In a toughening of its stance, the 53-member Commission on Human Rights on Thursday appointed a special investigator to "monitor the situation of human rights" and report back to the UN General Assembly and the Geneva-based commission.
"The commission is, unlike last year, doing its job responsibly," said Senator Rudy Boschwitz, who leads the US delegation to the annual human rights session.
In 2004, the commission stopped short of condemning Sudan over allegations of widespread abuse, despite a UN report accusing Sudanese troops and their alleged militia allies of raping, killing and torturing Darfurians.
Since then the UN Security Council has increased pressure on Khartoum to contain the violence in the western Darfur region, which intensified after rebel groups took up arms in early 2003.
It voted to refer those suspected of war crimes to the International Criminal Court in The Hague.
The resolution was hammered out in lengthy negotiations between the European Union and African states, which are traditionally suspicious of attempts to single out individual countries for criticism.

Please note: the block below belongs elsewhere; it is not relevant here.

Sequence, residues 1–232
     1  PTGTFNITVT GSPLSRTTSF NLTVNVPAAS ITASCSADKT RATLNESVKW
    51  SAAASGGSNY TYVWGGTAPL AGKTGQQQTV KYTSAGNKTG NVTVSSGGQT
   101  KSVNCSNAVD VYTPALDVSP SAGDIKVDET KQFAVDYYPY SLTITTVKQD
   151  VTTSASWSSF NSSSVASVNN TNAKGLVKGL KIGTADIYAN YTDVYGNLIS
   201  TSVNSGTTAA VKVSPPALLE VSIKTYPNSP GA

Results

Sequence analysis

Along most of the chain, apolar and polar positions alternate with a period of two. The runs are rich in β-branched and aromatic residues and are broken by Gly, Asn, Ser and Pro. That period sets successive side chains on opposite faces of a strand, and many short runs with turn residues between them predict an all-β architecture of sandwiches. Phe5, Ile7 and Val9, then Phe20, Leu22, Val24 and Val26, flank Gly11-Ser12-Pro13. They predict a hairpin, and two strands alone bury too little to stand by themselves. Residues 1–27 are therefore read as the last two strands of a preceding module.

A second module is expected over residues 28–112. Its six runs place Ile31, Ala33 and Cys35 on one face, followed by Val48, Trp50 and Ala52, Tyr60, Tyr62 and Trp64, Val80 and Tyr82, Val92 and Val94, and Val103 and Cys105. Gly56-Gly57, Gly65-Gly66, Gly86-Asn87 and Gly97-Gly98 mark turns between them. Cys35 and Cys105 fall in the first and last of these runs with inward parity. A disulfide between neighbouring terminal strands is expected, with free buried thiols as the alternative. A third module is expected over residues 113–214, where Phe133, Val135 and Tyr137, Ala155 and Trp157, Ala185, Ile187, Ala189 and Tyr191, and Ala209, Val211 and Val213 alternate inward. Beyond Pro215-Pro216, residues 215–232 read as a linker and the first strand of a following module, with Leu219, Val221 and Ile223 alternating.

Food shortages in Darfur are
growing more acute
The Europeans toned down some of the language they wanted, and in return the Africans agreed to strengthen international monitoring with the appointment of a special rapporteur.
In the text, the commission said it "condemns the continued, widespread and systematic violations of human rights and international humanitarian law".
It called on Khartoum to disarm the militias and bring to justice all those involved in human rights violations, while also condemning violence by "all parties", by which it meant rebel groups, although they were not named.
The fighting has killed tens of thousands and forced nearly two million from their homes in the remote region. Food shortages are growing more acute.
The death toll from hunger and disease over the past year is put at more than 180,000 people by UN officials.